Corbyn’s UK Labour Backs Second Brexit Referendum

BRIGHTON, ENGLAND - SEPTEMBER 25: Labour Leader Jeremy Corbyn High Fives Shadow First Secretary of State Emily Thornberry after her key note speach in the main hall during day two of the Labour Party Conference on September 25, 2017 in Brighton, England. (Photo by Dan Kitwood/Getty Images)
Dan Kitwood/Getty
OLIVER JJ LANE

Almost three years of confusion over where exactly Jeremy Corbyn’s Labour party stands on Britain leaving the European Union may be answered Monday evening as Jeremy Corbyn is reportedly to make a second referendum official party policy.

A statement released Monday afternoon claimed party leader Jeremy Corbyn will announce a change in policy, fully backing a second referendum on the UK’s membership of the EU for the first time.

The Labour leader, who has been a long time opponent of the European Union but has lost a number of MPs in the past week over his Brexit stance is expected to say: “The prime minister is recklessly running down the clock, in an attempt to force MPs to choose between her botched deal and a disastrous no-deal We cannot and will not accept… one way or another, we will do everything in our power to prevent no deal”.

Mr Corbyn will also seek to make Labours ‘five demands’ for Brexit law by organising an amendment to the government’s Brexit legislation. The demands include a “permanent and comprehensive customs union with the EU”, a “close alignment with the single market”, and “commitments on participation in EU agencies and funding programmes.”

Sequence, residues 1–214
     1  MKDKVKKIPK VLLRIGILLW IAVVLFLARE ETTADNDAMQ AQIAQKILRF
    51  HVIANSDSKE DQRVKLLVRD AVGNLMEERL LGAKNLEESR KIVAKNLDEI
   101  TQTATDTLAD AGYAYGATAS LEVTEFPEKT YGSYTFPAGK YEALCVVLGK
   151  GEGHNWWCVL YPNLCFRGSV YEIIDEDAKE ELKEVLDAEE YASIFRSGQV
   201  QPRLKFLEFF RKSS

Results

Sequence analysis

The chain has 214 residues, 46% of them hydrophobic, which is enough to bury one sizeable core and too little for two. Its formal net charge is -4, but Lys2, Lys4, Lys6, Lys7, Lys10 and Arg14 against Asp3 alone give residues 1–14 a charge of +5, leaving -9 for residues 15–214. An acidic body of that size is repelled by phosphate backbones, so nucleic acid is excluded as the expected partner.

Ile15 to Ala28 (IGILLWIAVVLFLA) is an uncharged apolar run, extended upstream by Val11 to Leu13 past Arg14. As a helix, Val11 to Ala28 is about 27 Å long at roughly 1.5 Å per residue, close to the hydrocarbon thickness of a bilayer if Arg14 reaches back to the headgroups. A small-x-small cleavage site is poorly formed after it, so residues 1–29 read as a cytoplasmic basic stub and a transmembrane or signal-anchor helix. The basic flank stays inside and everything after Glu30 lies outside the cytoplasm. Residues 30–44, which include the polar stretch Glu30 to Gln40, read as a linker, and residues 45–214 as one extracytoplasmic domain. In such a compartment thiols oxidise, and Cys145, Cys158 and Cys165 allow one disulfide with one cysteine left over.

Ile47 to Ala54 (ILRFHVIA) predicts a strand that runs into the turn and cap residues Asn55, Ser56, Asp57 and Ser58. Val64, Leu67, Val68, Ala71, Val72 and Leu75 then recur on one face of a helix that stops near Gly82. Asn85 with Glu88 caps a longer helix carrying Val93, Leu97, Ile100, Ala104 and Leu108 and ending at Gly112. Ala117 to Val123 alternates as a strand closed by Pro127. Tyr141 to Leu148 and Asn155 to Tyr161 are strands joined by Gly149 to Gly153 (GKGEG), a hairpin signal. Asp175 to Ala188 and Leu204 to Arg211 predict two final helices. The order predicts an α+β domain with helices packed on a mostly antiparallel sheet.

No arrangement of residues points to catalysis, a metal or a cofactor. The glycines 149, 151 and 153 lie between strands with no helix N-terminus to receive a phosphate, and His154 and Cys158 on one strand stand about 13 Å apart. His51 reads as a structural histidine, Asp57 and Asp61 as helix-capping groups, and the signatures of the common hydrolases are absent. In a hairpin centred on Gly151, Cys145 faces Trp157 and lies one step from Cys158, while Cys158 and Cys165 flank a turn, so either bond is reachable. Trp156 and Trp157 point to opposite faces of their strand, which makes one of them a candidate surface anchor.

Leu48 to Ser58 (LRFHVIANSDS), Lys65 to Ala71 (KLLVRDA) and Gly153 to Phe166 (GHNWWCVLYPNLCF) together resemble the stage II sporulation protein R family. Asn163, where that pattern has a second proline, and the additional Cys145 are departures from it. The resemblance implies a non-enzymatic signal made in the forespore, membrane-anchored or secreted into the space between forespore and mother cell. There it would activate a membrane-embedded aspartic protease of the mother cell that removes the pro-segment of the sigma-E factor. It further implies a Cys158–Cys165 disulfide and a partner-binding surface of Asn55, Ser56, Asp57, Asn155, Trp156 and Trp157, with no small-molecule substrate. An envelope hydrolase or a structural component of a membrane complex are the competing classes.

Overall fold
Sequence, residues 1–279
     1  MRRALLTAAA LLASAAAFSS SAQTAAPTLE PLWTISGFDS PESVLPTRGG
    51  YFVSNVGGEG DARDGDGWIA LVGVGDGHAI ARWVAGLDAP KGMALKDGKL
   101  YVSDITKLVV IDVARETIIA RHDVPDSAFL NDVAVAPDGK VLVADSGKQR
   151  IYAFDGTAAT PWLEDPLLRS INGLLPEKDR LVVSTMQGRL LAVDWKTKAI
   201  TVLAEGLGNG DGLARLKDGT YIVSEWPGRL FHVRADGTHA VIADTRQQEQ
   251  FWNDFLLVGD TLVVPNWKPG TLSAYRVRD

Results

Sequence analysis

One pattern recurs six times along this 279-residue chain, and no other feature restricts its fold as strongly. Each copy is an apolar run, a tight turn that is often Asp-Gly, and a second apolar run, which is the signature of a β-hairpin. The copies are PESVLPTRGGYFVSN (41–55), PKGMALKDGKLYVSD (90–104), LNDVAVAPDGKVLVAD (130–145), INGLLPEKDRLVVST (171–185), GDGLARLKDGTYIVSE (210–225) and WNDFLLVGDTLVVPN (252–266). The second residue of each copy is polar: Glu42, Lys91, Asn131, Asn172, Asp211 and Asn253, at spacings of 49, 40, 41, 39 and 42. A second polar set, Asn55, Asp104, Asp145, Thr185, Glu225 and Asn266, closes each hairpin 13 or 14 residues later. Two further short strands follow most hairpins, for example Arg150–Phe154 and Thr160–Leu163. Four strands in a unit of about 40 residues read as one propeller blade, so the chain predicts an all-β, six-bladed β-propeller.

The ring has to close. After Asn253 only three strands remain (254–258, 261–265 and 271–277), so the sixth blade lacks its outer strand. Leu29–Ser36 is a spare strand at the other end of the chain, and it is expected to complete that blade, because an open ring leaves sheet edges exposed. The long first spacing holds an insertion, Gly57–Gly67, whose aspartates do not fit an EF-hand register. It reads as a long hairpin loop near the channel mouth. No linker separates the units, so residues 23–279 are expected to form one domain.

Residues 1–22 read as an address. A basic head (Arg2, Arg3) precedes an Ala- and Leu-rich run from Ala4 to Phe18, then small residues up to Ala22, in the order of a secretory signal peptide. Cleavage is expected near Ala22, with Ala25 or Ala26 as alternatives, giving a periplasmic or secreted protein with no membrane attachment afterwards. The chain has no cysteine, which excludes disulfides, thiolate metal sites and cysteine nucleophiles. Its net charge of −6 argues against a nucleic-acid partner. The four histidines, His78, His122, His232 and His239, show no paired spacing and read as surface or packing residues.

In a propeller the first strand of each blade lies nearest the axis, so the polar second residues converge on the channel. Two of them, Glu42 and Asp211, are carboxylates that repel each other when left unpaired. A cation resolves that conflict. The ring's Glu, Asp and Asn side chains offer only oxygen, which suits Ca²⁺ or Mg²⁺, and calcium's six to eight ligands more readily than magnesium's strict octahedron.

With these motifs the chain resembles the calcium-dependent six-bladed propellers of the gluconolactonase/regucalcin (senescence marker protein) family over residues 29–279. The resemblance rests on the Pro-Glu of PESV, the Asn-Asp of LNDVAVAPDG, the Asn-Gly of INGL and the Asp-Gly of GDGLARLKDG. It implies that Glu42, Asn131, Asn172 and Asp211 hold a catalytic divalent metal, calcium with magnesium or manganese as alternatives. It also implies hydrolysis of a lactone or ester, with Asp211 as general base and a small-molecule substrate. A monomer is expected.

It is not clear how, if these demands were actually met, how it could be argued that the United Kingdom had actually left the European Union in any way at all.

The decision may also spell electoral trouble for Mr Corbyn down the line, as many Labour MPs represent communities that voted in favour of Brexit.

The European Union has a questionable relationship with referendums, with several nations having found themselves re-running national votes that didn’t go in Brussels favour, or having the original votes ignored altogether.

Brexit leader Nigel Farage has warned of the risk of Britain being forced into a second referendum by the political establishment. In January, he said Brexiteers should be prepared to have to fight the 2016 referendum all over again, remarking: “When I’ve talked in the past about being worried that they may force us into a second referendum… I don’t want it anymore than you do but I am saying to you we have to face reality in the face.

“Don’t think the other side aren’t organised, don’t think the other side aren’t prepared, don’t think they haven’t raised the money, don’t think they haven’t got the teams in place, they have.”

 

.

Please let us know if you're having issues with commenting.